Wallpaper is back! There are many modern designs that make it a surprisingly stylish option for decorating. It’s also a DIY task that when carried out properly, can be really rewarding. Here are ten steps to wallpapering, with some top tips for the tricky bits.

Preparing the walls

Preparation is the first step in pretty much any DIY task, but for wallpapering, it is essential. Check the walls for any nails or old wall plugs. Nails can be easily removed with a claw hammer, but embedded wall plugs can be tricky to remove. If you can’t get them out with pliers or wire cutters.  Try screwing in any old screw that fits, and use the claw hammer on the screw, this should bring out both the screw and the wall plug. This could easily bring part of the plaster with it, which can be patched up using multi-purpose filler and a scraper, and once dry you can level off any bumps with sandpaper. Finally, make sure the walls are completely clean and dry.

Ensuring the first strip is level

Using a chalk line, plumb or spirit level, draw a vertical line on the wall. This will help ensure that when you apply the first strip it is level, this is especially important if you live in an older house where the walls and joins aren’t perfect. Once you’ve done this you can measure out the first strip, ensuring that there is enough excess paper for overlap – don’t try to cut to size.

Prepare the paste and paper

Using a paint kettle or roller paint bucket, mix the wallpaper adhesive with the required amount of water as shown on the pack. Using a wallpaper table, roll the paper out weighting the ends if needed. The tip for getting perfect coverage of paste is to use a high quality ½ inch roller – cheap ones will leave fuzz behind. Transfer the wallpaper adhesive to the roller tray and apply a thin coat to the paper ensuring you reach the corners. Some find it easier to instead apply the paste straight to the wall.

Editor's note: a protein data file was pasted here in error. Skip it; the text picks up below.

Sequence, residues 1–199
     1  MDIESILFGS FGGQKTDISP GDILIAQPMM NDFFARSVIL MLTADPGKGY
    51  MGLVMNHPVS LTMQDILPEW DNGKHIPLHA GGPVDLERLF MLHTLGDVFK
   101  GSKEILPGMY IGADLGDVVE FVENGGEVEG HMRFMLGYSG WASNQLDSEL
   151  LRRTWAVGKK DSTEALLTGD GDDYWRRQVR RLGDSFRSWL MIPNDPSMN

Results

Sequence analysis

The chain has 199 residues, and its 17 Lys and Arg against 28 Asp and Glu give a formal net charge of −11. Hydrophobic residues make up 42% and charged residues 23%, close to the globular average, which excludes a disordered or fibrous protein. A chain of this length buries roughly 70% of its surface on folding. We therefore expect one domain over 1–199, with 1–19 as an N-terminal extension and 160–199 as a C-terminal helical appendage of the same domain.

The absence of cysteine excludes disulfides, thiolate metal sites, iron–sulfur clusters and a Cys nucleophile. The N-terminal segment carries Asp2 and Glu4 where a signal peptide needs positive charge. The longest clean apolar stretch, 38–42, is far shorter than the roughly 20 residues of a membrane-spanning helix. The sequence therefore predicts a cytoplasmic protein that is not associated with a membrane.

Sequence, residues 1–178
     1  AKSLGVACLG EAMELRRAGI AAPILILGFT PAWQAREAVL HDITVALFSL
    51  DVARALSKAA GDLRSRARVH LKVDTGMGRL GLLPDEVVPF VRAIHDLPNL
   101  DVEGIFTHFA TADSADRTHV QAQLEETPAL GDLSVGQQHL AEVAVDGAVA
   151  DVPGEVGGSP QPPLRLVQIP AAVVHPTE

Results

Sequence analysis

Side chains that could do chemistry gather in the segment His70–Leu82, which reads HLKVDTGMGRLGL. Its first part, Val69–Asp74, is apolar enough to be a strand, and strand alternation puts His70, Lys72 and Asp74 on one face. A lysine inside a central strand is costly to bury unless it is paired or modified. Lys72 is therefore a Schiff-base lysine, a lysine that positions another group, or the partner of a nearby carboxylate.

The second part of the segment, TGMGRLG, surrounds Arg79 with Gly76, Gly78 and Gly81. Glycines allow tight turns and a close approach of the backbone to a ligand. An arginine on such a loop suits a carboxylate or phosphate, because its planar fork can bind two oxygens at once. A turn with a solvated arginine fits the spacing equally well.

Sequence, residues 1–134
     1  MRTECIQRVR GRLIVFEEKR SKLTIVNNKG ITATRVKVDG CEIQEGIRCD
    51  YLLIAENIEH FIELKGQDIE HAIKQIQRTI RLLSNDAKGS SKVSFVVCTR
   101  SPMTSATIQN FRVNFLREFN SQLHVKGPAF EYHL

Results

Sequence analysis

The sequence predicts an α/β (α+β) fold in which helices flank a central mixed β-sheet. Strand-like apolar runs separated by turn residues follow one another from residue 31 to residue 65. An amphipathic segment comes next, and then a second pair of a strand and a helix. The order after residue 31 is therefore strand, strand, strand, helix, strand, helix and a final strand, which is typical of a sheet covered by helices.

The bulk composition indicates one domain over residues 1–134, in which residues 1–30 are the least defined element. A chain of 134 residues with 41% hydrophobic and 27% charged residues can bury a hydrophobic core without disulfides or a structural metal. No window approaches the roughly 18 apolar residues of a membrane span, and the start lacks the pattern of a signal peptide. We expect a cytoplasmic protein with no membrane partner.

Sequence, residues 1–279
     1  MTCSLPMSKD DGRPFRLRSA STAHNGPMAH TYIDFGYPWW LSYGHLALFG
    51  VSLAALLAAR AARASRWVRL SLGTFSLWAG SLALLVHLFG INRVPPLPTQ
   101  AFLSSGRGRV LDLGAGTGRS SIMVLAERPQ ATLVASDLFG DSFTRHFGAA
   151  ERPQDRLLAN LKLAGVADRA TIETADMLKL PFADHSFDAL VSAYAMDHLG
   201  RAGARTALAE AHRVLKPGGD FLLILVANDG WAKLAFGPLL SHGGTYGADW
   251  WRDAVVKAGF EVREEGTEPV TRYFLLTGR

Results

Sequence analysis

Applying the first strip

Using the line you’ve drawn, hang the first strip from the top. using a paperhanger brush gently smooth out from the middle of the paper to the edges.

Smoothing out air bubbles

Using the paperhanger brush should ensure you’ve removed any bubbles, but if there are any left use a clean cloth to smooth them out. Work them out to the edges. If you’re getting a lot of bubbles or one big one, gently lift the paper and again, begin smoothing it out to the edge.

Cutting the excess

Once you have the paper completely flush to the wall, skirting boards and coving, you are ready to cut any excess. Use a Stanley knife to carefully follow the line of the boards and coving. If you find this difficult, pull the wallpaper away slightly and cut using wallpaper scissors. You could also use a taping knife as a cutting edge guide.

Matching the pattern

Following step 4, prepare the paper, again ensuring there’s enough excess for cutting. It’s easiest to fold or roll the paper and then work to match up the pattern. Ensure there is no overlap with the first strip, they should sit flush to each other so there’s no bump on the join.


Applying wallpaper to corners can be tricky, but it can be done if you take your time. Apply to the first wall and then using the brush or cloth, gently work the paper into the corner, until the paper gently rests on the second wall. Keep your movements light so that you have enough movement in the paper to get right into the corner. Using scissors, make an incision in the paper at the top where the corner meets the ceiling, so that you can fold the paper over to the second wall. Do this again at the bottom.

Cutting around sockets

When you reach an area which contains a socket or light switch, hang your wallpaper as before but don’t smooth down the strip too much around the area. Where you feel the socket, make an incision around the middle. Cut away in a diamond reaching each corner, be very careful not to cut too much. Smooth down the paper to the edges of the socket and use the Stanley knife to take the paper to the corners. Once you are satisfied that the paper is smooth around all edges, use the knife to cut the paper flush to the socket. Alternatively, slightly loosen the screws on the socket/switch so there is a small gap to the wall and cut the paper so it can be tucked into the gap and behind.


To finish the job, smooth down every piece with a natural sponge or clean cloth, and use the seam roller to roll once more over every seam – this helps set the edges, but don’t roll too hard as adhesive may squeeze out. Rolling is essential to help keep the edges from curling.